Circulating extracellular vesicles carrying Firmicutes reflective of the local immune status may predict clinical response to pembrolizumab in urothelial carcinoma patients

Extracellular Vesicles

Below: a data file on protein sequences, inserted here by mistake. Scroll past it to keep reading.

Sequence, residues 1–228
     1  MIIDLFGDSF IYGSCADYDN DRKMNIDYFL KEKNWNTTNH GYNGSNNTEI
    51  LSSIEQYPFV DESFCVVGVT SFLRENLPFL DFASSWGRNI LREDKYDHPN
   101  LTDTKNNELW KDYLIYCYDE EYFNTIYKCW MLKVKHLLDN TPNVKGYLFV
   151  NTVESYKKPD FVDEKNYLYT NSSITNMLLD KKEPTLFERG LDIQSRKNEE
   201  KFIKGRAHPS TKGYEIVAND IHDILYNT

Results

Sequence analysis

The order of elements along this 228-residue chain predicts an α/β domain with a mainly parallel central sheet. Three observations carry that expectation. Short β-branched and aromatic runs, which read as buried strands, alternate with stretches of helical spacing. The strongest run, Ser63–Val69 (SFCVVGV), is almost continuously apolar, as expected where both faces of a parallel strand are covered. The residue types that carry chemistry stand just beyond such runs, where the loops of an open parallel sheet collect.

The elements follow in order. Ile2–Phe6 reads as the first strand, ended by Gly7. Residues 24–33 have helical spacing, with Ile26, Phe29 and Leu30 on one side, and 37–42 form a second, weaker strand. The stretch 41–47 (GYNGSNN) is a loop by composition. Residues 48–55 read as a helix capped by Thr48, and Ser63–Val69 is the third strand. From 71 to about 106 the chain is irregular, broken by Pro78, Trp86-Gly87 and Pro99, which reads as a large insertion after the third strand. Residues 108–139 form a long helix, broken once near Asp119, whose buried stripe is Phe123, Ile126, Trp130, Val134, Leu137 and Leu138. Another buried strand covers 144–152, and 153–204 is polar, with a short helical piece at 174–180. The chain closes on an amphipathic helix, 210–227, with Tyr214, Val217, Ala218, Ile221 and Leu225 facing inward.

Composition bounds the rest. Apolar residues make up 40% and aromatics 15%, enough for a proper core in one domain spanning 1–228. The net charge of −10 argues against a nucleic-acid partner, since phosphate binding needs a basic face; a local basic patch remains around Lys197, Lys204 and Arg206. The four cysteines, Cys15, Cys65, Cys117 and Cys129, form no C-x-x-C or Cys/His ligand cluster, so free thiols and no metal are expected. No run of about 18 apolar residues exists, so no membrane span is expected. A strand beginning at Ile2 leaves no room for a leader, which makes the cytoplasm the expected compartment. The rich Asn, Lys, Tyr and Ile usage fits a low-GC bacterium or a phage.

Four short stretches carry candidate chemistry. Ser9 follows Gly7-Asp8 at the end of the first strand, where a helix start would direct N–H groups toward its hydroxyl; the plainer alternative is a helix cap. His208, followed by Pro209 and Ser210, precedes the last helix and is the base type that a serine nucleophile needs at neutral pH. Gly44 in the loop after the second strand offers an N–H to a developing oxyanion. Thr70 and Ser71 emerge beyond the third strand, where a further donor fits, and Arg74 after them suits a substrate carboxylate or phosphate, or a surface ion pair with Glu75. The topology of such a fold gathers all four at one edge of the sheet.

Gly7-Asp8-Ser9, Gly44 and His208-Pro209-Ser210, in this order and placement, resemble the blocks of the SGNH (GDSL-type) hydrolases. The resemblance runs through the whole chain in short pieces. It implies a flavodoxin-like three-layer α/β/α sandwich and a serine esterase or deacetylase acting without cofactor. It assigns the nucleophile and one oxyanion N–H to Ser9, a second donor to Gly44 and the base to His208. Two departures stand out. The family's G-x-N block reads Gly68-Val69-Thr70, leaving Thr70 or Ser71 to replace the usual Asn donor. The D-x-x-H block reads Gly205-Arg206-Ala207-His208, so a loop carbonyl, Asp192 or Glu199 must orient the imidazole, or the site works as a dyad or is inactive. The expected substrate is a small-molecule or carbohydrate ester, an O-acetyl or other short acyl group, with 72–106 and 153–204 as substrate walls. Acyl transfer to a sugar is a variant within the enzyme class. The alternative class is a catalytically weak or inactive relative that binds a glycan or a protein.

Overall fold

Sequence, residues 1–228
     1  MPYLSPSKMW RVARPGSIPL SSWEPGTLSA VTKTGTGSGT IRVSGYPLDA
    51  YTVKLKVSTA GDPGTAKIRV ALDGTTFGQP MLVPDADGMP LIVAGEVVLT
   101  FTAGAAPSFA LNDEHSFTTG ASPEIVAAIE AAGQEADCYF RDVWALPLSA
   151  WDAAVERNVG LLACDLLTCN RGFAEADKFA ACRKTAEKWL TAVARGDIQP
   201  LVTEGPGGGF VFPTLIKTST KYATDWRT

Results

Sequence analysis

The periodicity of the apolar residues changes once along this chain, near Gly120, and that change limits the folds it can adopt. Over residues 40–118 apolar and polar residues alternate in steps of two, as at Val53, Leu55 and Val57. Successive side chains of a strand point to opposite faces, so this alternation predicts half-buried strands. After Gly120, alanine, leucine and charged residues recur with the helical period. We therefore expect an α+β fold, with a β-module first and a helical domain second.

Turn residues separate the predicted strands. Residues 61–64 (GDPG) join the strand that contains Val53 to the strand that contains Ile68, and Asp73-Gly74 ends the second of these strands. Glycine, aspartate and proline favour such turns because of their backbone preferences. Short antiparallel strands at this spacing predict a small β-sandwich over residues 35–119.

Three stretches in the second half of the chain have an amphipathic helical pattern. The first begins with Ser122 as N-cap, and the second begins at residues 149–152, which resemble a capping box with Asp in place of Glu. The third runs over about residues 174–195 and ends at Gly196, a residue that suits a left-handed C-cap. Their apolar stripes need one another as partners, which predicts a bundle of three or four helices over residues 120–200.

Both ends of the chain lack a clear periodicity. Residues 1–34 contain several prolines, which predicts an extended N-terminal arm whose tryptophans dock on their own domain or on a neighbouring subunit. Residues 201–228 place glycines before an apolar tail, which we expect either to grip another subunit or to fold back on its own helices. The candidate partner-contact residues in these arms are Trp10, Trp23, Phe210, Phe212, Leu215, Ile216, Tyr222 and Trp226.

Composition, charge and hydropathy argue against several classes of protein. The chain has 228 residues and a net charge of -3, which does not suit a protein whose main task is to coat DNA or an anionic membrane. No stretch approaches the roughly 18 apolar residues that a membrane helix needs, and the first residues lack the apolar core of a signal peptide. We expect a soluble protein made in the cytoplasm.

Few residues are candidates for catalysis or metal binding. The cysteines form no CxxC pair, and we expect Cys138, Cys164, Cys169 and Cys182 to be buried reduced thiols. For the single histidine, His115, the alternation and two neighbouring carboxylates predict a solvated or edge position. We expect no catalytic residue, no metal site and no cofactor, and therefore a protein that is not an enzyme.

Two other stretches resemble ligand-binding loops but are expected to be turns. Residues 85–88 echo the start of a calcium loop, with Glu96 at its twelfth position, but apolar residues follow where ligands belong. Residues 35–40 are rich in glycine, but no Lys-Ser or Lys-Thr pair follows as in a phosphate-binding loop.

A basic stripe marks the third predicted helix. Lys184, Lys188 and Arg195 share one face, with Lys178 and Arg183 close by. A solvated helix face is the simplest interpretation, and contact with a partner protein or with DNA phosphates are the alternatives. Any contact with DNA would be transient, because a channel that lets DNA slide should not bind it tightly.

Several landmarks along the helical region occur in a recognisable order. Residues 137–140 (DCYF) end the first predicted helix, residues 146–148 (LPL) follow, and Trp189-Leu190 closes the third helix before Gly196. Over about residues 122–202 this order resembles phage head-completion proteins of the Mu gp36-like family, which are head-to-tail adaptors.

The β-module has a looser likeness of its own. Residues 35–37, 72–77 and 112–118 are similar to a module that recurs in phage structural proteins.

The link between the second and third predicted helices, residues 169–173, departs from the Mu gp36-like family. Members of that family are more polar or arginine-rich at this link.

Bacterial flora has clinical significance for the host. The metabolic environment created by this flora influences immunotherapy in urothelial carcinoma. However, there are no reports on the clinical significance of bacterial flora in the host bloodstream. We aimed to clarify the correlation between extracellular vesicle (EV)-derived blood microflora information and tumor immunological status in urothelial carcinoma (UC) patients. Serum samples were collected from 20 healthy donors, 50 patients with localized UC, and 31 patients with metastatic UC (mUC) who had undergone pembrolizumab treatment. Bacterial DNA in EVs was extracted from each sample. Metagenomic sequencing was performed after amplification of the V1–V2 region of the bacterial 16S rRNA gene. Using the matched tumor tissue and serum samples, we revealed that the smaller amount of peripheral EVs carrying Firmicutes DNA was significantly correlated with the higher number of infiltrating T cells within tumor tissues (CD3; p = 0.015, CD4; p = 0.039, CD8; p = 0.0084) and the higher expression of activation markers on their surface (ICOS on both CD4; p = 0.0013 and CD8 T cells; p = 0.016 and 4-1BB on CD4 T cells; p = 0.016). In terms of circulating metabolic information, l-Ser and l-Pro levels, which play important roles in T cell expansion and proliferation, were significantly higher in the Firmicutes-low group (p = 0.010). All of the patients with higher Firmicutes abundance had disease progression without any clinical response (p = 0.026) and significantly inferior prognosis for pembrolizumab therapy (p = 0.035). This is the first study on the importance of peripheral bacterial EVs in cancer patients treated with cancer immunotherapy.

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